openurl 
  Title Latitudinal variation in the aerial/aquatic ratio of oxygen consumption of a supratidal high rocky-shore crab Type
  Year 2011 Publication Marine Ecology-An Evolutionary Perspective Abbreviated Journal Mar. Ecol.-Evol. Persp.  
  Volume 32 Issue 1 Pages 42-51  
  Keywords Cline; crustacean; latitudinal variation; metabolic rate; physiological plasticity  
  Abstract The colonisation of the terrestrial environment by crustaceans is more apparent in tropical latitudes because of the high diversity of semi-terrestrial and terrestrial crabs. However, in temperate regions there are also great numbers of crustaceans that inhabit ecological niches at the water-air interface. Grapsidae crabs (Decopoda) are especially important in studies of water-to-land transition as the family contains species occupying the intertidal and adjacent regions. A way to evaluate the ability of intertidal invertebrates to breathe air is to measure the aerial/aquatic oxygen consumption ratio. The objective of this study was to test the effect of thermal variation on the aquatic and aerial metabolism. We selected as study model the decopoda crab Cyclograpsus cinereus Dana and utilised five populations of the species spread over 2000 km along the Chilean coast. To determine the compensation capacity in respiration with respect to latitude, we evaluated metabolic rate at the same temperature in a common garden design in the laboratory, to examine the extent to which variation in crab physiology is environmentally determined. Whereas in our study, mb (body mass) varied significantly with latitude, the difference in mass-independent metabolism both in air and water persisted, indicating that observed differences in MR (Metabolic Rate) were not an effect of differences in body size. We demonstrated that C. cinereus is able to breath oxygen from air and water as expected for an amphibious crab. Almost all the studied populations of C. cinereus show a aerial /aquatic metabolism ratio near 1. The pattern found indicates an increase in metabolic rate, both aerial and aquatic, in low latitudes and therefore does not support the latitudinal compensation hypothesis for temperate habitats. Finally, these kinds of studies are required to make the necessary link between ecological physiology and macroecology and to help develop a global understanding of organismal function in marine systems.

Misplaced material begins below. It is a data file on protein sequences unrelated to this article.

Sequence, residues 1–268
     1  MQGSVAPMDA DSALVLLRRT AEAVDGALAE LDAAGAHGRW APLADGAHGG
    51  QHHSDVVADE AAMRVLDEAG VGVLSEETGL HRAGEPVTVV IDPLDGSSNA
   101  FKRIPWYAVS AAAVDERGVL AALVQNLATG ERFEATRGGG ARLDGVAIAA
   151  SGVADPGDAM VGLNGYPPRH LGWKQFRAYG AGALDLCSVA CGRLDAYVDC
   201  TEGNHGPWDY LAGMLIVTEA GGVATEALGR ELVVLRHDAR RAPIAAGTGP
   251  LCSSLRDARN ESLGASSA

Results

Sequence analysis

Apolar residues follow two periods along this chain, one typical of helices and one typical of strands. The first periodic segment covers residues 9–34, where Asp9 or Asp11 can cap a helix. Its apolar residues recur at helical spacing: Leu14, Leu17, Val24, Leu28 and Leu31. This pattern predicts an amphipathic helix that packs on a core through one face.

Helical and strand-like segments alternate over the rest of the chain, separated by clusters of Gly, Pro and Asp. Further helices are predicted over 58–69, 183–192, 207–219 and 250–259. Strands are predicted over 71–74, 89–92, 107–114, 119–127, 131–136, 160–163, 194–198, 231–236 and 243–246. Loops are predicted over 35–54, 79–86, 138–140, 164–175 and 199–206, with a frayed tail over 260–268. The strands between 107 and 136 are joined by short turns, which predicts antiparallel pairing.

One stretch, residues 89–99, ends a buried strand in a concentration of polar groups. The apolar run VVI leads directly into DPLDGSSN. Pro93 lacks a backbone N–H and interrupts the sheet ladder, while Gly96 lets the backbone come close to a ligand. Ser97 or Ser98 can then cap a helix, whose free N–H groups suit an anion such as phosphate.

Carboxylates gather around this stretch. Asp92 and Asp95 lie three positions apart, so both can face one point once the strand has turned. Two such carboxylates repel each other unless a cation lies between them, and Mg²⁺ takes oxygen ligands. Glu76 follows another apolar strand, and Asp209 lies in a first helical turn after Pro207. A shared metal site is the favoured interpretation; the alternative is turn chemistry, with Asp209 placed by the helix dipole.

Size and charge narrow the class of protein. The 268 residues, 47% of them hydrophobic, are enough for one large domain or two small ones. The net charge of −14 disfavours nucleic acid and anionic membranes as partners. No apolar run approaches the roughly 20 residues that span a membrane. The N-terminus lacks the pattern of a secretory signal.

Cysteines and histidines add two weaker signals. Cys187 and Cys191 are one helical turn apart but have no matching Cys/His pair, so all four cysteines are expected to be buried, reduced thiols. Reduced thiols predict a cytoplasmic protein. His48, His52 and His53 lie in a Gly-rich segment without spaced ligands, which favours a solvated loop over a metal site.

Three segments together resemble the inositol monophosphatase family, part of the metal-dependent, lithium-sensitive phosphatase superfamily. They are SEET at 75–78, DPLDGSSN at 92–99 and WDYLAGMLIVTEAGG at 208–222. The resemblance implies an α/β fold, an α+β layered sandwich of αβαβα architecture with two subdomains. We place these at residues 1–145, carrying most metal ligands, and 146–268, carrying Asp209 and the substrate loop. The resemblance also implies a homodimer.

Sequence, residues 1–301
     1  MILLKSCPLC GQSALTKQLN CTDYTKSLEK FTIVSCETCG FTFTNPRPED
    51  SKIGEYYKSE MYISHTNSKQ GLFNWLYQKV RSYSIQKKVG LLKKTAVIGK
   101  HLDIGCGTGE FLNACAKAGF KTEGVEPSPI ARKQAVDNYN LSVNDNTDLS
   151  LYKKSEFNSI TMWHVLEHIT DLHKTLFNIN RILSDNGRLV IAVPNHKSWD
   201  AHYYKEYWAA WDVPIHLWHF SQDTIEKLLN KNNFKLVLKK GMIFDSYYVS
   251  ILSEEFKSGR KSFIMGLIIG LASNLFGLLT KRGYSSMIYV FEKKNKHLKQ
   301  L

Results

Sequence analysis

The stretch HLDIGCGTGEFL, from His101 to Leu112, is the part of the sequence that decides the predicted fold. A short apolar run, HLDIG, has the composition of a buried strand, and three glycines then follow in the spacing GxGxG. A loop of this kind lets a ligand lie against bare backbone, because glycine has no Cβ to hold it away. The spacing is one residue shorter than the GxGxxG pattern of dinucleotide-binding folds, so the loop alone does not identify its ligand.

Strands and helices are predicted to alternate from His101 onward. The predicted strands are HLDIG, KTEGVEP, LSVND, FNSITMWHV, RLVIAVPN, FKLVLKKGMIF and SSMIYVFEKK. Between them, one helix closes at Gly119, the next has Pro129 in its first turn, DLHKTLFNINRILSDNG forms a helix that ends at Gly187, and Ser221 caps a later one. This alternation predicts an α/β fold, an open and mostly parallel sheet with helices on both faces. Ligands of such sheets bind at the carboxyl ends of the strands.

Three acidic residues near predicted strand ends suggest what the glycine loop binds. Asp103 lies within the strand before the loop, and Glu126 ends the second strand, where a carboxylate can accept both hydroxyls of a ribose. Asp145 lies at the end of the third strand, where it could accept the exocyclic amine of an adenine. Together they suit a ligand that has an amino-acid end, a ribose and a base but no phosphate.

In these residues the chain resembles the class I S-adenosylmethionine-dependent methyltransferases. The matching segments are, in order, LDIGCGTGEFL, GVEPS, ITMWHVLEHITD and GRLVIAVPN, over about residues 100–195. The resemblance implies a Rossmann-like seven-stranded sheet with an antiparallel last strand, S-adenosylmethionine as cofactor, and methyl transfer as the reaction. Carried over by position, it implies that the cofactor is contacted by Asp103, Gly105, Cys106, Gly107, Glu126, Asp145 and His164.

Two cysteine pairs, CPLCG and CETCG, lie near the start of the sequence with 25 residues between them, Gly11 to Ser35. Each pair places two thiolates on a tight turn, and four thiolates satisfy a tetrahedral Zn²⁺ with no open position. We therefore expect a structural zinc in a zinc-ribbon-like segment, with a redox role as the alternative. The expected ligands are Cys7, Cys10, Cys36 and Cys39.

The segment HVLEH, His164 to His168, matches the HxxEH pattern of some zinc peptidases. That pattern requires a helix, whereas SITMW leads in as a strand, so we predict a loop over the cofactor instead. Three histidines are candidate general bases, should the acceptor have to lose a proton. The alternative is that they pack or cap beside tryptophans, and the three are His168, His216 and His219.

Address [Lardies, Marco A.] Univ Adolfo Ibanez, Dept Ciencias, Fac Artes Liberales, Santiago, Chile, Email: marco.lardies@uai.cl  
  Corporate Author Thesis  
  Publisher Wiley-Blackwell Publishing, Inc Place of Publication Editor  
  Language English Summary Language Original Title  
  Series Editor Series Title Abbreviated Series Title  
  Series Volume Series Issue Edition  
  ISSN 0173-9565 ISBN Medium  
  Area Expedition Conference  
  Notes WOS:000286836800005 Approved  
  Call Number UAI @ eduardo.moreno @ Serial 122  
Permanent link to this record
Select All    Deselect All
 |   | 
Details
   print

Save Citations:
Export Records: